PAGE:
110. Eastman J, He X, Qiu Y, Davis MJ, Vedula P, Lyons DM, et al. Cryptococcal heat shock protein 70 homolog Ssa1 contributes to pulmonary expansion of Cryptococcus neoformans during the afferent phase of the immune response by promoting macrophage M2 polarization. J Immunol. (2015) 194:5999–6010. doi: 10.4049/jimmunol.1402719

PubMed Abstract | CrossRef Full Text | Google Scholar

111. Alvarez M, Casadevall A. Phagosome extrusion and host-cell survival after Cryptococcus neoformans phagocytosis by macrophages. Curr Biol. (2006) 16:2161–5. doi: 10.1016/j.cub.2006.09.061

PubMed Abstract | CrossRef Full Text | Google Scholar

112. Sorrell TC, Juillard PG, Djordjevic JT, Kaufman-Francis K, Dietmann A, Milonig A, et al. Cryptococcal transmigration across a model brain blood-barrier: evidence of the Trojan horse mechanism and differences between Cryptococcus neoformans var. grubii strain H99 and Cryptococcus gattii strain R265. Microbes Infect. (2016) 18:57–67. doi: 10.1016/j.micinf.2015.08.017

PubMed Abstract | CrossRef Full Text | Google Scholar

113. Tseng HK, Huang TY, Wu AY, Chen HH, Liu CP, Jong A. How Cryptococcus interacts with the blood-brain barrier. Future Microbiol. (2015) 10:1669–82. doi: 10.2217/fmb.15.83

PubMed Abstract | CrossRef Full Text | Google Scholar

114. Nicola M, Robertson EJ, Albuquerque P, Derengowski Lda S, Casadevall A. Nonlytic exocytosis of Cryptococcus neoformans from macrophages occurs in vivo and is influenced by phagosomal pH. MBio (2011) 2:e00167–11. doi: 10.1128/mBio.00167-11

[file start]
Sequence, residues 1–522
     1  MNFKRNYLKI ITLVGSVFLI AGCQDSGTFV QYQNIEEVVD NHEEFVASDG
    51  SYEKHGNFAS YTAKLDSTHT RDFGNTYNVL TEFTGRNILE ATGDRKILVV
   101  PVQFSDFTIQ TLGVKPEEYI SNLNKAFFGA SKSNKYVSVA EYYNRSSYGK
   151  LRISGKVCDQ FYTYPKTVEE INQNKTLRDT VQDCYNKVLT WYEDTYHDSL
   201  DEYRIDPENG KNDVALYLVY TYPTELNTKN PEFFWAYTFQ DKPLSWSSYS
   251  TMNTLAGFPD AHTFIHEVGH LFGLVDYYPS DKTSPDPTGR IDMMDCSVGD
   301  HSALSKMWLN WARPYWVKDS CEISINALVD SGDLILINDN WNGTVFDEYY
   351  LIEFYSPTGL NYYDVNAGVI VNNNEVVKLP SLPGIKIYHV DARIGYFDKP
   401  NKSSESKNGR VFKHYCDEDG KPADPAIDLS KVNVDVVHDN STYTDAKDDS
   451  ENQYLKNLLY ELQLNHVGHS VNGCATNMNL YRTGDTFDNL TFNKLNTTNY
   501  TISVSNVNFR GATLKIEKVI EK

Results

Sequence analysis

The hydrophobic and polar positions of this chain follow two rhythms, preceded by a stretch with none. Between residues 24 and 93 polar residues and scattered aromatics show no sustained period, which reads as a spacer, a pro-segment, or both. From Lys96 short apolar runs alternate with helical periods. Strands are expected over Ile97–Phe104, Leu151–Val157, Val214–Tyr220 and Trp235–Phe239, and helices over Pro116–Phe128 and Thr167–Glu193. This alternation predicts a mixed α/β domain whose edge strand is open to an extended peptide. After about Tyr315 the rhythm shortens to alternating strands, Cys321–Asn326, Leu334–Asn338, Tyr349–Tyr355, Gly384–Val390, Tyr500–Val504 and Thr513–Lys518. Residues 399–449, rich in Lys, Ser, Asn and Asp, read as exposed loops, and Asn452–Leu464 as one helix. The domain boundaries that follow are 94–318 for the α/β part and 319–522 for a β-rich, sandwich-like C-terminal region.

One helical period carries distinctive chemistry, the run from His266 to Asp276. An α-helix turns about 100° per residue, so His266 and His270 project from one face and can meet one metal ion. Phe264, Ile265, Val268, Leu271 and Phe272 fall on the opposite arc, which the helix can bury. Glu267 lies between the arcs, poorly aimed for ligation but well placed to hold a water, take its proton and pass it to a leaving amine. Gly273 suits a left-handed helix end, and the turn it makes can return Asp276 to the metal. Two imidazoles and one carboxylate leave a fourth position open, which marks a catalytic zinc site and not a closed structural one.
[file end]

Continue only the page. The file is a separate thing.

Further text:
PubMed Abstract | CrossRef Full Text | Google Scholar

115. Yauch LE, Lam JS, Levitz SM. Direct inhibition of T-cell responses by the Cryptococcus capsular polysaccharide glucuronoxylomannan. PLoS Pathog (2006) 2:e120. doi: 10.1371/journal.ppat.0020120

PubMed Abstract | CrossRef Full Text | Google Scholar

116. Almeida GM, Andrade RM, Bento CA. The capsular polysaccharides of Cryptococcus neoformans activate normal CD4(+) T cells in a dominant Th2 pattern. J Immunol. (2001) 167:5845–51. doi: 10.4049/jimmunol.167.10.5845

PubMed Abstract | CrossRef Full Text | Google Scholar

117. Osterholzer JJ, Surana R, Milam JE, Montano GT, Chen GH, Sonstein J, et al. Cryptococcal urease promotes the accumulation of immature dendritic cells and a non-protective T2 immune response within the lung. Am J Pathol. (2009) 174:932–43. doi: 10.2353/ajpath.2009.080673